Justin Lo (7300)


“Sir?”  he asked hesitantly.


The older man gave no reply, but instead continued to stare at the blurry ATM machine’s monitor.


“Er – excuse me, sir,” he said.


Once again, only silence met his ears.


“Sir!  Would you happen to know where the men’s restrooms are?” he cried, a natural sense of urgency adding defiance and anger to the words that on paper would be so gentle and respectful.


“Hold a moment,” came the late reply.  “I’m waiting for my money to pop out.”


He stole a look at the ATM screen and realized that there was in fact nothing on it but a blurry photograph of a dog.


“Well, sir, I don’t think any money is coming out of that machine anytime soon.  This has got to be some sort of joke!  It ought to say “thank you for your business” or “please take cash now” if it’s about to give you the bills for your withdrawal.”


The old man’s brows furrowed, and he growled, “Oh, unprincipled!  Unprincipled!  By my shoe, you’re just trying to convince me to walk over there to the restrooms and then you’ll come and take my cash while I explain the route we took!”


“No, sir, no!” cried the younger man in denial.  “I simply have to go to the restroom!  You know where they are, don’t you?”


“Of course – who do you take me for?”


“And so you could direct me – verbally that is – you don’t have to budge a single inch, sir – direct me to the restrooms?”


The old man replied without hesitation, “Indeed.”


“And … so may I have the directions?”


“What directions?” asked the old man.


“To the restrooms!”


“Oh.  Well indeed, I am waiting for my cash right now.”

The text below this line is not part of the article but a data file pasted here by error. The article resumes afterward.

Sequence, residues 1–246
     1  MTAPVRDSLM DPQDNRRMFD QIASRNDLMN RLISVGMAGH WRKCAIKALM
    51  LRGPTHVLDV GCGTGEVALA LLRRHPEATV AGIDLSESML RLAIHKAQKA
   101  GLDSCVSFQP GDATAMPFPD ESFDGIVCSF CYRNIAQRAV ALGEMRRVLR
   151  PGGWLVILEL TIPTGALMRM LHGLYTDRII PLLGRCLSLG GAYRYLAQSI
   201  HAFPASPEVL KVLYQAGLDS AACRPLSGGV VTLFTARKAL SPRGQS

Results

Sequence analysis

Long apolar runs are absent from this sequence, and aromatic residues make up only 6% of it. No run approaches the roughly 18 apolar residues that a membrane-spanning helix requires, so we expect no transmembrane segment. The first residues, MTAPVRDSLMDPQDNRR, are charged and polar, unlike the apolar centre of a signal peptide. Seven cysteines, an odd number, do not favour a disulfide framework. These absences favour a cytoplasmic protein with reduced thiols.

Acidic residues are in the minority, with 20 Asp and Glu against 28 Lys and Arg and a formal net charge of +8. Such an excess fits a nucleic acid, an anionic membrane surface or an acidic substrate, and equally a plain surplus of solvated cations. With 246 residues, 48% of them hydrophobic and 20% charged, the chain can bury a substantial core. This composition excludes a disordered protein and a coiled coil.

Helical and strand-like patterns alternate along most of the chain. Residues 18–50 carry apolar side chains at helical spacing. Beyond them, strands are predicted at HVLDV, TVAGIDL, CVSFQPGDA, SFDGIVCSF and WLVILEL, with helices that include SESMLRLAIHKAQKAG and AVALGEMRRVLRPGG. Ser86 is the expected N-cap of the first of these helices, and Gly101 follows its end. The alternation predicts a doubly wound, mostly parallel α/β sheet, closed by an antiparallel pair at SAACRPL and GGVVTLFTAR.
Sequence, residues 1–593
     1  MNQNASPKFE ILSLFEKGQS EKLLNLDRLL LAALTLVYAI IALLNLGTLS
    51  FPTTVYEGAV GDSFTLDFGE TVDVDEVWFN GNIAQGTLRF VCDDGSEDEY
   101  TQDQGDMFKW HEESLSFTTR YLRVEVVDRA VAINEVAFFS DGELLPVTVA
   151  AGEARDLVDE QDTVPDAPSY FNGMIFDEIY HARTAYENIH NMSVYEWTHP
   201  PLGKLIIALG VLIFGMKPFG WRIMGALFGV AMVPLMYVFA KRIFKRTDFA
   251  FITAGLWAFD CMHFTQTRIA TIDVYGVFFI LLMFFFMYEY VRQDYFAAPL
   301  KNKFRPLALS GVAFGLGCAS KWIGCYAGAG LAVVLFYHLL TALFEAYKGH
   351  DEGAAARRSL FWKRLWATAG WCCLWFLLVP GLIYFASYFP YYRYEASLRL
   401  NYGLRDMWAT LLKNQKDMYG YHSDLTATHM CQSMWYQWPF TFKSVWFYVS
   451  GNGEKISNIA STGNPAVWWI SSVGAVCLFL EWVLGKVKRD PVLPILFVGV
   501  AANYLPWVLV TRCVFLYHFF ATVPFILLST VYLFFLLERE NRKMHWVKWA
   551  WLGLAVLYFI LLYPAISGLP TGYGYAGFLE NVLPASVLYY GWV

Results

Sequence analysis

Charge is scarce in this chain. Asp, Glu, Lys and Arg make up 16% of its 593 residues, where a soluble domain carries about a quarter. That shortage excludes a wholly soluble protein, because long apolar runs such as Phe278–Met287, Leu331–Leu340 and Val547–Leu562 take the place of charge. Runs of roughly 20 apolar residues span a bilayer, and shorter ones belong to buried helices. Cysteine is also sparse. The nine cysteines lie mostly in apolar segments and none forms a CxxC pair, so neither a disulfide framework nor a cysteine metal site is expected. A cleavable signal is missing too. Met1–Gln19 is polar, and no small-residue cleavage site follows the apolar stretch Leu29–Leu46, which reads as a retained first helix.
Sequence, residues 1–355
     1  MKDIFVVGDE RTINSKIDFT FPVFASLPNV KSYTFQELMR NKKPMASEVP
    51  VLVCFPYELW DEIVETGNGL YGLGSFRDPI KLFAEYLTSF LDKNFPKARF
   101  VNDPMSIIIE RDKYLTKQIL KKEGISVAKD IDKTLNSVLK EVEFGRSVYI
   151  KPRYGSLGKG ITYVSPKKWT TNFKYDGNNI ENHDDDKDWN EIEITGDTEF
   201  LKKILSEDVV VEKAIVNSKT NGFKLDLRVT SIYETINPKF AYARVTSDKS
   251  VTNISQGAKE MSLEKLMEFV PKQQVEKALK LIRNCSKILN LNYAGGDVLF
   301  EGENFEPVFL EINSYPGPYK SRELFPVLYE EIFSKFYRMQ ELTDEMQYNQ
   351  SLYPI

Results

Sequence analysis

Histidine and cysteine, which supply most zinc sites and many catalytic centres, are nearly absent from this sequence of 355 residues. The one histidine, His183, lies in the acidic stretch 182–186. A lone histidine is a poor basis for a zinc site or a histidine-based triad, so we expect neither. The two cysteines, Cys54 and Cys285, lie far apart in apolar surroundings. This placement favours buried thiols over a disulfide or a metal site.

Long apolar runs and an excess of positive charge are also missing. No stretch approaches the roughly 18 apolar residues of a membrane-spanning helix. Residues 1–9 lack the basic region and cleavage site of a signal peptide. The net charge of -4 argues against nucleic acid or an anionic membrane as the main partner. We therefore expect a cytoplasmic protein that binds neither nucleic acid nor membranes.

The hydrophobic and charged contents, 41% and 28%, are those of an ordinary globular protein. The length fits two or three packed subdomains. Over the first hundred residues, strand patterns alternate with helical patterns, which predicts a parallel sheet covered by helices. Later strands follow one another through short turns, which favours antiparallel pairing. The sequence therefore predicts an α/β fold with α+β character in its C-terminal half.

“You don’t really know where the restrooms are, do you …,” sighed the younger man.  He trembled slightly, and remembered that he urgently had to use the toilet.


“I do, I do!  But you see, I haven’t used the ones in this facility for some time, and so I should hardly recall exactly where they are, unless I were to leave my guard of this ATM machine.”


The younger man bid the older man farewell and tried the second floor of the building.  He scoured one hallway after another, and at the end of one of the shorter corridors, he found a boy dressed in a basketball jersey and cargo shorts.


“Ah, excuse me,” began the man.


“Can’t.  Talk.  To.  Strangers,” replied the boy with a stern glare, like one of those robots with the glowing red eyes and cold metallic bodies.


“I was just wondering where the -,” continued the man.


“Go.  Away.  Or.  I’ll.  Blow.  Your.  Head.  Off.”


“Okay, okay!” conceded the man, who left for the third floor.


On the third floor, he found a teenage girl who was comfortably slouched on a sofa, reading a popular novel and sipping iced tea.


He stood next to her, somewhat hovering, not knowing whether he ought to bother her or not.  After a page or two, she looked up at him with an apathetic glance.


“Yeah?” she asked.


“Do you know where the bathrooms are?”


“Well, not the guys’ bathroom, but the girls’, sure.”  She laughed a little, a mixture of an innocent giggle and a coarse chuckle.


“Oh oh, I really don’t care what bathroom, any will do!”


“Wow, pretty desperate, huh,” commented the girl.  “Well okay.  The closest girls’ bathroom is on the twentieth fl-”


The man’s eyes widened: “T-t-tw-twentieth floor?  Good God, who designed this building?!  No, no, I mean to ask, how in the world do you ever go?”


“Me?” asked the girl.  “That’s none of your beeswax.  Just run along, use the girls’ bathroom if you’re that freaking desperate.”


“But, the elevator doesn’t go any higher than the fifth floor.”

“That’s what stairs are for, Einstein.”


The man fumed silently but thanked the girl anyway,